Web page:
I am a molecular biologist working on novel strategies to control the mosquito vector of malaria. I am currently based at John's Hopkins Bloomberg School of Public Health in Baltimore, USA, but also spend time at Imperial College London and Oxford University in the UK. My research includes the development of new genetic technologies such as CRISPR, optogenetics and gene drive to understand and target mosquito reproduction and biting behaviour. Alongside laboratory research, I am an active voice in the public discourse surrounding the use of the GM and gene drive technologies - advocating for the responsible development of novel technologies for disease control.
Gene drives have incredible potential to modify entire populations of the malaria mosquito for sustainable vector control. During my PhD (2012-2016) and post-doc (2016-2018) in the Crisanti lab, I worked under the supervision of Dr Tony Nolan and Professor Andrea Crisanti to develop the first gene drive system designed to spread through natural populations of the African malaria mosquito. Since this first demonstration, we have uncovered key weaknesses and worked to improve it, leading to our most recent study showing an extremely effective gene drive that is now being tested on a far larger scale.
I have recently been awarded the Sir Henry Wellcome Postdoctoral Fellowship to lead a new cross-boarder collaborative project aimed at understanding the neurogenetics underlying mosquito host-seeking behaviour. This research is co-sponsored by Dr Tony Southall (Imperial College), Dr Conor McMeniman (John’s Hopkins University) and Professor Stephen Goodwin (Oxford University). In this Wellcome funded project, we aim to develop new tools for optogenetics in the malaria mosquito that will allow us to visualise and functionally characterise the neurons and genes that are needed by mosquitoes to hunt down humans.
This mosquito larva (head and thorax) is glowing red because it has been genetically modified to expression the red fluorescent protein in neurons of the eyes and brain.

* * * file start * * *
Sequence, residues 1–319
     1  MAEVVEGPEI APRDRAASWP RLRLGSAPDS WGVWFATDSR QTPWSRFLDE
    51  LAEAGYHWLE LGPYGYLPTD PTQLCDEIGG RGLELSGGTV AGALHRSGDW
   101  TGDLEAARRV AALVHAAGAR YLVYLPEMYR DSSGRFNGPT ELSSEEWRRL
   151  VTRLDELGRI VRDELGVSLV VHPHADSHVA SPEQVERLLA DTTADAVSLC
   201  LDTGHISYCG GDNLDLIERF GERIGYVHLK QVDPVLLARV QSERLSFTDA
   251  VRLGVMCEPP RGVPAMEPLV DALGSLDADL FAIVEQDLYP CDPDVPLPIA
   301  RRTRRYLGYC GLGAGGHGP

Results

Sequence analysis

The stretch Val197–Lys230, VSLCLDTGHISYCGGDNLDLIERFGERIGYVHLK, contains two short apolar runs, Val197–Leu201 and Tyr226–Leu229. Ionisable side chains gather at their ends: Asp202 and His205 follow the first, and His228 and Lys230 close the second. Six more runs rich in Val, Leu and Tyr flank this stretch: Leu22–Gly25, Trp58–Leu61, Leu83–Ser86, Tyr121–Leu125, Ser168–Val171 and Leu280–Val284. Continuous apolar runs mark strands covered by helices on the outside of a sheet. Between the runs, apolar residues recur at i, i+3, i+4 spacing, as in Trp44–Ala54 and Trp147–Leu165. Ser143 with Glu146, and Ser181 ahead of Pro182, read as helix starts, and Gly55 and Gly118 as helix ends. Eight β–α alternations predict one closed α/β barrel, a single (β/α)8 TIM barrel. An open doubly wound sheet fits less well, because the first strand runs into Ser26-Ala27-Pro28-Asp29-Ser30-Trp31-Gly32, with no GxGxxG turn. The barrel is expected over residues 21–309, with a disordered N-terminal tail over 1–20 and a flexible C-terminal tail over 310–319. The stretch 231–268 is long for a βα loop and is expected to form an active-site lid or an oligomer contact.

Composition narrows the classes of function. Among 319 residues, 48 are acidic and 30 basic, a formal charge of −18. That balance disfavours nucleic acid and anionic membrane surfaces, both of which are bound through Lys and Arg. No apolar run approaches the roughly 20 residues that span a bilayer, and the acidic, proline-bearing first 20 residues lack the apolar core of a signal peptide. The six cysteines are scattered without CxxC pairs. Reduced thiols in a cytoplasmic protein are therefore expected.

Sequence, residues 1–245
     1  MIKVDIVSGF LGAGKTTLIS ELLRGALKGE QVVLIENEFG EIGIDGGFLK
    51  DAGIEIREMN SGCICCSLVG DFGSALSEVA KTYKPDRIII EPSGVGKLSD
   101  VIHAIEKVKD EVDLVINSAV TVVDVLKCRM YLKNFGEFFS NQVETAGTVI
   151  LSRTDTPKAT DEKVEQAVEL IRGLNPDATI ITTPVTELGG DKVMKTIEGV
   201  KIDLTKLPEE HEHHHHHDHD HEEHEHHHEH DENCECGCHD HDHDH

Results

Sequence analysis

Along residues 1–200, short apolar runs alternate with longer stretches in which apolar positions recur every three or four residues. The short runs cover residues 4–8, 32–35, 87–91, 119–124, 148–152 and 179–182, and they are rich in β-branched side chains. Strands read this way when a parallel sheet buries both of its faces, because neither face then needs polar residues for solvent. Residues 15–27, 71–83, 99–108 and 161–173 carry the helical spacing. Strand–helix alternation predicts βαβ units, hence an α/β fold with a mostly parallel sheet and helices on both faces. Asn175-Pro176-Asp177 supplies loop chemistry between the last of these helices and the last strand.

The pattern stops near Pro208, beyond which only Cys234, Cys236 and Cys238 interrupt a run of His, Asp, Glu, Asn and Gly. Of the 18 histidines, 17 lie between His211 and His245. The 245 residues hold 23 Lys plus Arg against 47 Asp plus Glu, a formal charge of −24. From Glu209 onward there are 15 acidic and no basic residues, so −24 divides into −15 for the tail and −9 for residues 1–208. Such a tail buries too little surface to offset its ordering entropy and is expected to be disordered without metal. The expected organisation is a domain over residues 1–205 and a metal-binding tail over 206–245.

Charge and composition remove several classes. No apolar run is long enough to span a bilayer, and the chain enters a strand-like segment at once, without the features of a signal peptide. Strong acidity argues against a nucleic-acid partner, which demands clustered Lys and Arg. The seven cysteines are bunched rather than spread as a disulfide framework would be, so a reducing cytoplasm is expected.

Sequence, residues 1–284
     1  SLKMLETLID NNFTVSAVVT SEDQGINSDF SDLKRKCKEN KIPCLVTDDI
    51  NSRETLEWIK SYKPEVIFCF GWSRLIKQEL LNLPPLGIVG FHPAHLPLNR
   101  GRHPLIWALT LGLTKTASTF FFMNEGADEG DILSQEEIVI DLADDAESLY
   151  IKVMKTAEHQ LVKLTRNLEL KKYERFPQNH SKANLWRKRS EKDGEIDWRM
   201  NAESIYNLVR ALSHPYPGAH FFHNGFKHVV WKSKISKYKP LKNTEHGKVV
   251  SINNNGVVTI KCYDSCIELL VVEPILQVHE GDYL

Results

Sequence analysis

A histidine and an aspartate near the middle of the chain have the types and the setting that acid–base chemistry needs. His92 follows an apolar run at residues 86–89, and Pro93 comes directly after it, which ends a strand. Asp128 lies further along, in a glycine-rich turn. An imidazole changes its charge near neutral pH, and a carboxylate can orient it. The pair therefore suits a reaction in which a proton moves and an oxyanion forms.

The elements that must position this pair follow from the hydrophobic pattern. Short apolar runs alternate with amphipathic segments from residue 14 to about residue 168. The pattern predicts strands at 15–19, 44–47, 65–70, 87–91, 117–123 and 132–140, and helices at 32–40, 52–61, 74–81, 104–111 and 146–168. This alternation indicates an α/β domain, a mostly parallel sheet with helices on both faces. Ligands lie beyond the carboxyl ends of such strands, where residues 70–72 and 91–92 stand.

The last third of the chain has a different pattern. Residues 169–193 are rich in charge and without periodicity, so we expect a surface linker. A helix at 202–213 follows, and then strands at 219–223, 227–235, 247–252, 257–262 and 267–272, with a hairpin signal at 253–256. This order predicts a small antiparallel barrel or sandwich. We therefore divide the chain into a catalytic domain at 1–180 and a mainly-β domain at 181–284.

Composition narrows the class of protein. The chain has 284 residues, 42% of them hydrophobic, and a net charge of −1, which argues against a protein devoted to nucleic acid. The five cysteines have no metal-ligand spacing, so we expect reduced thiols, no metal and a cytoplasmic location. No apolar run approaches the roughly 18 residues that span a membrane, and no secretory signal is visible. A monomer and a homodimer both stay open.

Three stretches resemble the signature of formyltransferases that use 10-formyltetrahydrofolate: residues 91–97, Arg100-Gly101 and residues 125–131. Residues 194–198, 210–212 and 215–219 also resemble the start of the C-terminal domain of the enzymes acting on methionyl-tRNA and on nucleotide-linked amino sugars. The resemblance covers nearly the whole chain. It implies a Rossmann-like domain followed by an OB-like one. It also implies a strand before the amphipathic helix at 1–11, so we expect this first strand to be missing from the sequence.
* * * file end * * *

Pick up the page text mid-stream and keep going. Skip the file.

Should we engineer mosquito DNA to save human lives? (My interview with BBC Tomorrow's World)
Giving Malaria a Deadline (The New York Times)
Mosquitoes ‘tricked into extinction’ (The Times)
outreach and Teaching
I'm always on the lookout for interested students (school research experience, undergraduate, UROP, masters, PhD). For students already at Imperial, look out for my projects listed for undergraduate biology, biochemistry and the MRes in Molecular and Cellular Biosciences.
Since 2015, I have been involved in efforts to discuss genetics, the ethics of genome engineering, and gene drive technology to students and the general public. I've given talks at several schools in the UK and abroad, and in 2017 I helped develop teaching tools for the Danish School system that included a lecture and ethics debate that were broadcast live across schools in the country.
et al., 2018, A CRISPR-Cas9 gene drive targeting doublesex causes complete population suppression in caged Anopheles gambiae mosquitoes, Nature Biotechnology, Vol:36, ISSN:1087-0156, Pages:1062-1066
Hammond AM, Galizi R, 2018, Gene drives to fight malaria: current state and future directions, Pathogens and Global Health, Vol:111, ISSN:2047-7724, Pages:412-423
et al., 2017, The creation and selection of mutations resistant to a gene drive over multiple generations in the malaria mosquito, PLOS Genetics, Vol:13, ISSN:1553-7390
et al., 2017, Requirements for Driving Antipathogen Effector Genes into Populations of Disease Vectors by Homing, Genetics, Vol:205, Pages:1587-1596
et al., 2016, A CRISPR-Cas9 sex-ratio distortion system for genetic control., Scientific Reports, Vol:6, ISSN:2045-2322
et al., 2016, A CRISPR-Cas9 gene drive system-targeting female reproduction in the malaria mosquito vector Anopheles gambiae, Nature Biotechnology, Vol:34, ISSN:1087-0156, Pages:78-83